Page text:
convicted prisoners have rights which invalidate the relevant provisions of
the Franchise Act. The fourth challenge raises a separate issue, namely
whether the ICCPR has any effect in domestic law. The fifth and sixth
challenges raise the questions whether the common law recognises a
principle of universal suffrage and whether a denial of such a principle would
be contrary to the rule of law. I consider each challenge in turn.
(i) A3P1 of the ECHR
7. A3P1 is entitled “Right to free elections”. It provides:
“The High Contracting Parties undertake to hold free elections
at reasonable intervals by secret ballot, under conditions which
will ensure the free expression of the opinion of the people in
the choice of the legislature.”
The article requires the contracting states to hold elections at reasonable
intervals and the Strasbourg Court, drawing on the travaux préparatoires, has
interpreted it as also conferring a right of participation, both by standing for
election and voting, in the election of representatives to the legislature:
Mathieu-Mohin and Clerfayt v Belgium (1987) 10 EHRR 1, paras 46-51. The
natural meaning of the article is that the phrase – “the free expression of the
opinion of the people in the choice of the legislature” – is the product of the
free elections at reasonable intervals by secret ballot. The article states that
the elections are to be held “under conditions which will ensure” that free
expression.
8. Article 31(1) of the Vienna Convention on the Law of Treaties (1969)
provides, as a general rule of interpretation:
“A treaty shall be interpreted in good faith in accordance with
the ordinary meaning to be given to the terms of the treaty in
their context and in the light of its object and purpose.”
In my view the ordinary meaning of the words of A3P1 strongly supports the
view that the signatories of the ECHR were undertaking to hold periodic
elections to a democratically elected legislature. The requirement that the
elections are held “at reasonable intervals” also suggests that the drafters of
A3P1 did not have referendums in mind. The words in their ordinary meaning
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do not support a wider view that A3P1 was intended to cover any major
political decision which was put to a popular vote, however important that
decision might be.
9. That the object and purpose of A3P1 is so limited is confirmed by the
consistent case law of the European Commission on Human Rights and the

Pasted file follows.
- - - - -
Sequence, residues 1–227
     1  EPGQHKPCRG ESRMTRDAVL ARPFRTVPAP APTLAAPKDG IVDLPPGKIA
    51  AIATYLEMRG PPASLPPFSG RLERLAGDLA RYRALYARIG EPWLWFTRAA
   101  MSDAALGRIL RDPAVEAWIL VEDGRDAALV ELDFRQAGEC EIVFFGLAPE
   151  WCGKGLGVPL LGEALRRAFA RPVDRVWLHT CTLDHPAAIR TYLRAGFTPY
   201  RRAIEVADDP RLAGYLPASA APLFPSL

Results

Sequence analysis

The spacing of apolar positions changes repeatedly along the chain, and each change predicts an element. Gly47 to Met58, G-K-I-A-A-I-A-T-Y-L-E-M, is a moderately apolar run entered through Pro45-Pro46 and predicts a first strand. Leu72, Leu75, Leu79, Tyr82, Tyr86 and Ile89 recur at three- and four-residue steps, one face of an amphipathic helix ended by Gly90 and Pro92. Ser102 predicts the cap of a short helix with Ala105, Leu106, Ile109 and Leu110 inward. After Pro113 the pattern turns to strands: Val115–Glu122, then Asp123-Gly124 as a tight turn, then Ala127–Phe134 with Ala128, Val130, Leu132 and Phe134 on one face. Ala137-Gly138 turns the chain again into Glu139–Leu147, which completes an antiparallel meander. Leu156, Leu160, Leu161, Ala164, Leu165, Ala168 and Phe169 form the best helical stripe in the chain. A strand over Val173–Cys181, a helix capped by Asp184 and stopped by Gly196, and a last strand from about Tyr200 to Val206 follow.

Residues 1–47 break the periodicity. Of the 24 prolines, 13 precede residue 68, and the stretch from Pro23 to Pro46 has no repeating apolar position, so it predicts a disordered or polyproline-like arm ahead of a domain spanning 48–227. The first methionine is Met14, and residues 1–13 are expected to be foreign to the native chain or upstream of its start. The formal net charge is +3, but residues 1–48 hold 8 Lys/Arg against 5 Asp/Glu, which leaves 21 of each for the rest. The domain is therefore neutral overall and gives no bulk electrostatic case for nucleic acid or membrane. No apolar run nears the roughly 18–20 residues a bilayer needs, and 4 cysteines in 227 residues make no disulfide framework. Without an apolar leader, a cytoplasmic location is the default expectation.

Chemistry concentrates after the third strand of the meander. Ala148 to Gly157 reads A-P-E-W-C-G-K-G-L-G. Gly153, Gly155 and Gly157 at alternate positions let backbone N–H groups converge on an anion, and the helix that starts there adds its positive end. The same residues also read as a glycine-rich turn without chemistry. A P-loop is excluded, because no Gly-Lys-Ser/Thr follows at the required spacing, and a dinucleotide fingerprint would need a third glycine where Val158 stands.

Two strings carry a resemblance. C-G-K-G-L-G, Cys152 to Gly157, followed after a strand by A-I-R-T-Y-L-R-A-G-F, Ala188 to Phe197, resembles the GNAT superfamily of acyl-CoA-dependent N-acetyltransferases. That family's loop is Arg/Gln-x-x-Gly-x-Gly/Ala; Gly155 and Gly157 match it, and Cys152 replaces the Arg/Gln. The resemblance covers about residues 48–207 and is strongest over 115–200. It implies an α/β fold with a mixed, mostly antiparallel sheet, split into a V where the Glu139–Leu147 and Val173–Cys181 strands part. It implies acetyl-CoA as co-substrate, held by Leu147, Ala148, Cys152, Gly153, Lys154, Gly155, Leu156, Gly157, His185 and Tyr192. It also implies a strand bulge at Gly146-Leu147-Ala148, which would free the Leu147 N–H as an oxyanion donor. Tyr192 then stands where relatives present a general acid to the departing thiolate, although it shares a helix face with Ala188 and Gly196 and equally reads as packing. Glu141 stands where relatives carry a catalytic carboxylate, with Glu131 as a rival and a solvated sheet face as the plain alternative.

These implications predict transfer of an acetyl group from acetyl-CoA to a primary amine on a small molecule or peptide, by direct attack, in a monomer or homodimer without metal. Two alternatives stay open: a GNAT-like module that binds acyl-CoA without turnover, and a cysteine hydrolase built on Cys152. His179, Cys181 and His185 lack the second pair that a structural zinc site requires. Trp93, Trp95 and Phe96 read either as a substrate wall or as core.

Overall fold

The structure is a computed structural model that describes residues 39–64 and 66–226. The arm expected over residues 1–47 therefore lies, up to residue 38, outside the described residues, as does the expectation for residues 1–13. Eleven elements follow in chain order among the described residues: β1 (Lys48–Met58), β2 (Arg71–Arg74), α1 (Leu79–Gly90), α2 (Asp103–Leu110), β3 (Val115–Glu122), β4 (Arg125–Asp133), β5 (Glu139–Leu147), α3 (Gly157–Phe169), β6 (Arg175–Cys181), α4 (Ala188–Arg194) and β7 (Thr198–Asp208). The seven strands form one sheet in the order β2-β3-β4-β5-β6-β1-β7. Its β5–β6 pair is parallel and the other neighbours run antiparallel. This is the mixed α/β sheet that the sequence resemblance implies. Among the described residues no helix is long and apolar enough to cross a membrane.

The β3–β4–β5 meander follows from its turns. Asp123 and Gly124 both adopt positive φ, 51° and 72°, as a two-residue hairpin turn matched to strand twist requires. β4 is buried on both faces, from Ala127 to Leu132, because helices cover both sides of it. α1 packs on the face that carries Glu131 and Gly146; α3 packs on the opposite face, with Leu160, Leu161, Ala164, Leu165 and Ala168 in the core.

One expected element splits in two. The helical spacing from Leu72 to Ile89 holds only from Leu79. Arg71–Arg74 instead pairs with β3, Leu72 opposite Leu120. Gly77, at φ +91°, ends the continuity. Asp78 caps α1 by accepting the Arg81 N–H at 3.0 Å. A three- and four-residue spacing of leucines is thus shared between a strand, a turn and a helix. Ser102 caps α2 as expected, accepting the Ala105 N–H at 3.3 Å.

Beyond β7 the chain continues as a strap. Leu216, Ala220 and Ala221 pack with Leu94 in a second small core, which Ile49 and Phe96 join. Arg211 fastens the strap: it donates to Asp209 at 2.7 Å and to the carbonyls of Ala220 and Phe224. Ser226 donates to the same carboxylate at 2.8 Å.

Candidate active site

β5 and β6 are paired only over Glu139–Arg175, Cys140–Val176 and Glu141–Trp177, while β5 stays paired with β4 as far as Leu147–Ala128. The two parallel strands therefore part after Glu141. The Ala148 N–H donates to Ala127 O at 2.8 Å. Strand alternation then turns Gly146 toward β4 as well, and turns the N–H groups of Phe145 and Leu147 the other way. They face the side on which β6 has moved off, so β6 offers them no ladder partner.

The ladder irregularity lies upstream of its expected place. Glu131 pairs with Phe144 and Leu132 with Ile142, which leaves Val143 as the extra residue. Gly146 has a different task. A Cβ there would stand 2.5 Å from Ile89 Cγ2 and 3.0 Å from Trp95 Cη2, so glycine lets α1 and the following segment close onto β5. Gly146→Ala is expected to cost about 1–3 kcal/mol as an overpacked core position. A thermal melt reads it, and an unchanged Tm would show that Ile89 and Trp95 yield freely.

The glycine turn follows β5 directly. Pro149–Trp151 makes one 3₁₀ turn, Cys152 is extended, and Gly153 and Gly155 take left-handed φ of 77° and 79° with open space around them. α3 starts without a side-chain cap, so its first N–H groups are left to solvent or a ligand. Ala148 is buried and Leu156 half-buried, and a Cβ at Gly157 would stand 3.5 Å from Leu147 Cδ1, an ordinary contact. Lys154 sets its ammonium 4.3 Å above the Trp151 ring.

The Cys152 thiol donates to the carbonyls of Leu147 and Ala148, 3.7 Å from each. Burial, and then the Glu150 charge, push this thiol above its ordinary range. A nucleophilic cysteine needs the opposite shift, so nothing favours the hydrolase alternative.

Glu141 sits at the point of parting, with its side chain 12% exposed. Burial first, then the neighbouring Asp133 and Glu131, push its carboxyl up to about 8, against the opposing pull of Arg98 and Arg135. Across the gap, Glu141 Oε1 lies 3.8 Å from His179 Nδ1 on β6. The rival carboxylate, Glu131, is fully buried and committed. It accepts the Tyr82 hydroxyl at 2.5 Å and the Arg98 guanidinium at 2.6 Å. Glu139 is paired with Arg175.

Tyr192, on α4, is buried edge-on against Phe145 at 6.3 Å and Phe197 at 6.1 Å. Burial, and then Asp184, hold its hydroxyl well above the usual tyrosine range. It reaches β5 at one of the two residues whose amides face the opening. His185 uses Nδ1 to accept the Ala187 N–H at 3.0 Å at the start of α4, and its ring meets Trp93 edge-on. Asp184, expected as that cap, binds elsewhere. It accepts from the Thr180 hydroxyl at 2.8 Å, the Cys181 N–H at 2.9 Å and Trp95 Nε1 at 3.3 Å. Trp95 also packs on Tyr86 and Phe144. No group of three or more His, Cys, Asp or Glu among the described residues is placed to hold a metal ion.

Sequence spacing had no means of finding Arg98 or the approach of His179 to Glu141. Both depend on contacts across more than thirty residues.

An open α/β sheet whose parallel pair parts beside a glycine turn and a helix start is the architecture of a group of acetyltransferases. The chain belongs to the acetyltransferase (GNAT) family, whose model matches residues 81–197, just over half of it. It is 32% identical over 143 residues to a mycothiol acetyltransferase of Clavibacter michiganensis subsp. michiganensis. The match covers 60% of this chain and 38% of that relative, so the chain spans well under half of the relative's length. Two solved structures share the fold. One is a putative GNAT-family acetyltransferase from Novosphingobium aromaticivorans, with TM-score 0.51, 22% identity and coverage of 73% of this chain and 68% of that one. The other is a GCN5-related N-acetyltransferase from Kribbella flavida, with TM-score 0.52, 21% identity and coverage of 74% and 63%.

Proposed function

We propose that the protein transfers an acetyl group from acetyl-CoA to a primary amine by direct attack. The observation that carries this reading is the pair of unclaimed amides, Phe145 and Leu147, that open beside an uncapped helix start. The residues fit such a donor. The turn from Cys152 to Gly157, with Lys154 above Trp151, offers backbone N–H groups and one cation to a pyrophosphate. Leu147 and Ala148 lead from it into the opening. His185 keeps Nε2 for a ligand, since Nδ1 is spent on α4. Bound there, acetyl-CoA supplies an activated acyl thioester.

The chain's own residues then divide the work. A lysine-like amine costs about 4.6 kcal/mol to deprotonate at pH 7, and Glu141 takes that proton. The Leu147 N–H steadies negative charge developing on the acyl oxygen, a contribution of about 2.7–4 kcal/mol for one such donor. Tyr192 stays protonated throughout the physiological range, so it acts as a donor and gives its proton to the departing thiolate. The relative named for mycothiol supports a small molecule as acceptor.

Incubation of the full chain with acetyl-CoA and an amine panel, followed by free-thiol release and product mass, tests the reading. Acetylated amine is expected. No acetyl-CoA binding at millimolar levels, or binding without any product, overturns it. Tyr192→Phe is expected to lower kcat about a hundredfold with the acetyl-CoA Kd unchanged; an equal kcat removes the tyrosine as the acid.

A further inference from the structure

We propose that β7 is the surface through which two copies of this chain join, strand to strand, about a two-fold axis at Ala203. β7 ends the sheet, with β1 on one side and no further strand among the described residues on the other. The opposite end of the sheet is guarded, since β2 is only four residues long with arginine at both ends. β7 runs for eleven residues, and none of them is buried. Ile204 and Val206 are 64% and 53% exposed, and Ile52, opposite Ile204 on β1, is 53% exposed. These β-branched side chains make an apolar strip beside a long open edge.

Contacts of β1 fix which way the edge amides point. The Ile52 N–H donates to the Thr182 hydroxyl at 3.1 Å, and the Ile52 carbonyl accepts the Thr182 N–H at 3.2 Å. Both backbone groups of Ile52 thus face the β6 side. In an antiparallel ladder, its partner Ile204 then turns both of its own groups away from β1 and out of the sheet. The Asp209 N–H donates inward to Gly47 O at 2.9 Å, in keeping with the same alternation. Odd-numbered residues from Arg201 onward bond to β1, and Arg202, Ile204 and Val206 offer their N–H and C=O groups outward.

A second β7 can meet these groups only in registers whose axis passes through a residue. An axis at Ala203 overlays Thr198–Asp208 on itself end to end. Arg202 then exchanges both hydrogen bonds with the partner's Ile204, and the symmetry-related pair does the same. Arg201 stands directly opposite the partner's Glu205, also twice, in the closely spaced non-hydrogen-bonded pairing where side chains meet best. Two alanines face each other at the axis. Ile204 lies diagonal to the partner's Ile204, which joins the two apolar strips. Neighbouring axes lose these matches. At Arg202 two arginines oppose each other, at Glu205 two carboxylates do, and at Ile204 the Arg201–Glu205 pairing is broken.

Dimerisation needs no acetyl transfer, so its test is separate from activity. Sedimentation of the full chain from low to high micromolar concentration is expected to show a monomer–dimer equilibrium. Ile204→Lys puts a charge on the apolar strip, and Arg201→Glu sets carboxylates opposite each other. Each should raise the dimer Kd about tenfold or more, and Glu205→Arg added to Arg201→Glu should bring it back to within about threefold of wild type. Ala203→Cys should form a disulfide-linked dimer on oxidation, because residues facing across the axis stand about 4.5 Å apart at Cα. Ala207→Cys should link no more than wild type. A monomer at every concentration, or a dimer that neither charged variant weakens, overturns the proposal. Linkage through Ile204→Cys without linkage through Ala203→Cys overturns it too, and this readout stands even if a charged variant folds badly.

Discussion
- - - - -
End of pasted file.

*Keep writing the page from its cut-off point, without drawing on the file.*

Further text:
Strasbourg Court. The Lord Ordinary, Lord Glennie, in para 22 of his opinion
referred to X v United Kingdom (Application No 7096/75, 3 October 1975)
and 11 subsequent decisions on admissibility which vouched the principle
that A3P1 applies to elections to the legislature and has no application to
voting in other elections or in a referendum. Lady Paton, delivering the
succinct opinion of the First Division, agreed in para 24. It is not necessary
to analyse all of those decisions, which vouch a consistent line of reasoning.
I therefore examine four to highlight the scope of the reasoning of the
Strasbourg Court.
10. X v UK concerned the referendum in 1975 on whether the United Kingdom
should remain a member of the EEC. The Commission decided that A3P1
did not cover the referendum because it was not an election concerning the
choice of the legislature. In Ž v Latvia (Application No 14755/03, 26 January
2006) the Third Section dealt with a complaint that a prisoner had not been
allowed to vote in a referendum on Latvia’s accession to the EU. It rejected
the application as inadmissible, reiterating that the obligations imposed on
Contracting States by A3P1 were “limited to parliamentary elections and do
not apply to referendums”. Niedźwiedź v Poland (2008) 47 EHRR SE6
concerned a prisoner who had been deprived of a right to vote in (i) the
presidential election of 2000, (ii) parliamentary elections in 2001 and (iii) the
referendum on Poland’s accession to the European Union in 2003. The
Strasbourg Court rejected the claims in respect of (i) and (iii) ratione
materiae because the A3P1 obligations related to the choice of legislature.
11. The fourth decision, McLean and Cole v United Kingdom (2013) 57 EHRR
SE95, concerned complaints by convicted prisoners about their
disenfranchisement from (i) elections to the European Parliament in 2009,
(ii) the United Kingdom parliamentary election of 2010, (iii) elections to the
Scottish Parliament in 2007 and 2011, (iv) the nationwide referendum on the
alternative vote also in 2011 and (v) local government elections. The court
held that local authorities in the United Kingdom were not part of the
legislature in A3P1 and that complaint (v) was inadmissible. In relation to
complaint (iv) the court reiterated (in para 32) that A3P1 was limited to
elections concerning the choice of the legislature and did not apply to
referendums. It continued (in para 33):
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“There is nothing in the nature of the referendum at issue in the
present case which would lead the court to reach a different
conclusion here. It follows that complaint concerning the
alternative vote referendum is incompatible ratione materiae
with the provisions of the Convention and its Protocols … and
must be rejected pursuant to article 35(4).”
Mr O’Neill QC founded on the first sentence of this extract to argue that the